While it is not known exactly what to expect from a Truvada overdose, effects may include kidney problems or lactic acidosis and hepatic steatosis (a dangerous side effect that can damage the liver). Specific effects will vary, depending on the dosage and if it is combined with other substances. Treatment options for a Truvada overdose include certain medications, supportive care, and "pumping the stomach."
Truvada® (emtricitabine and tenofovir disoproxil fumarate) is a prescription AIDS and HIV treatment. It contains two different medications. Tenofovir belongs to a class of medications known as nucleotide reverse transcriptase inhibitors (NtRTIs), while emtricitabine belongs to a group of medications known as nucleoside reverse transcriptase inhibitors (NRTIs). The effects of a Truvada overdose will vary, depending on a number of factors, including the Truvada dosage and whether it is taken with any other medicines, alcohol, food, or street drugs.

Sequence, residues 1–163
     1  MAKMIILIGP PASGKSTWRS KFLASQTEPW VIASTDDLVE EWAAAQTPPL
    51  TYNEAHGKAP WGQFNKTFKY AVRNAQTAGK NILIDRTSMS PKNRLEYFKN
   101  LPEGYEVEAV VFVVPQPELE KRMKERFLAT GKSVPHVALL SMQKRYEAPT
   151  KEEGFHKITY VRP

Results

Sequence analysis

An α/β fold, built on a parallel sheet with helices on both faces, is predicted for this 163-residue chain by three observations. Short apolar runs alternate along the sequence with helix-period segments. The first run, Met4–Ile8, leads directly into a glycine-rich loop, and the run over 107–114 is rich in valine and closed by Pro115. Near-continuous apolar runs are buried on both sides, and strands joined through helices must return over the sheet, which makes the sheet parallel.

If you happen to overdose on Truvada, seek immediate medical attention.
It is not known exactly what to expect from an overdose of Truvada. Based on the possible side effects of the drug, the following serious overdose effects are possible:
- Lactic acidosis and hepatic steatosis, a dangerous side effect that can damage the liver and may cause:
- Muscle pain
- Trouble breathing
- Stomach pain
- Shortness of breath
- Dizziness or lightheadedness
- A slow or irregular heartbeat
- Persistent nausea, vomiting, and abdominal pain
- Weakness and fatigue
- Cold or blue hands and feet
- An enlarged or tender liver
- Weight loss
- Kidney problems.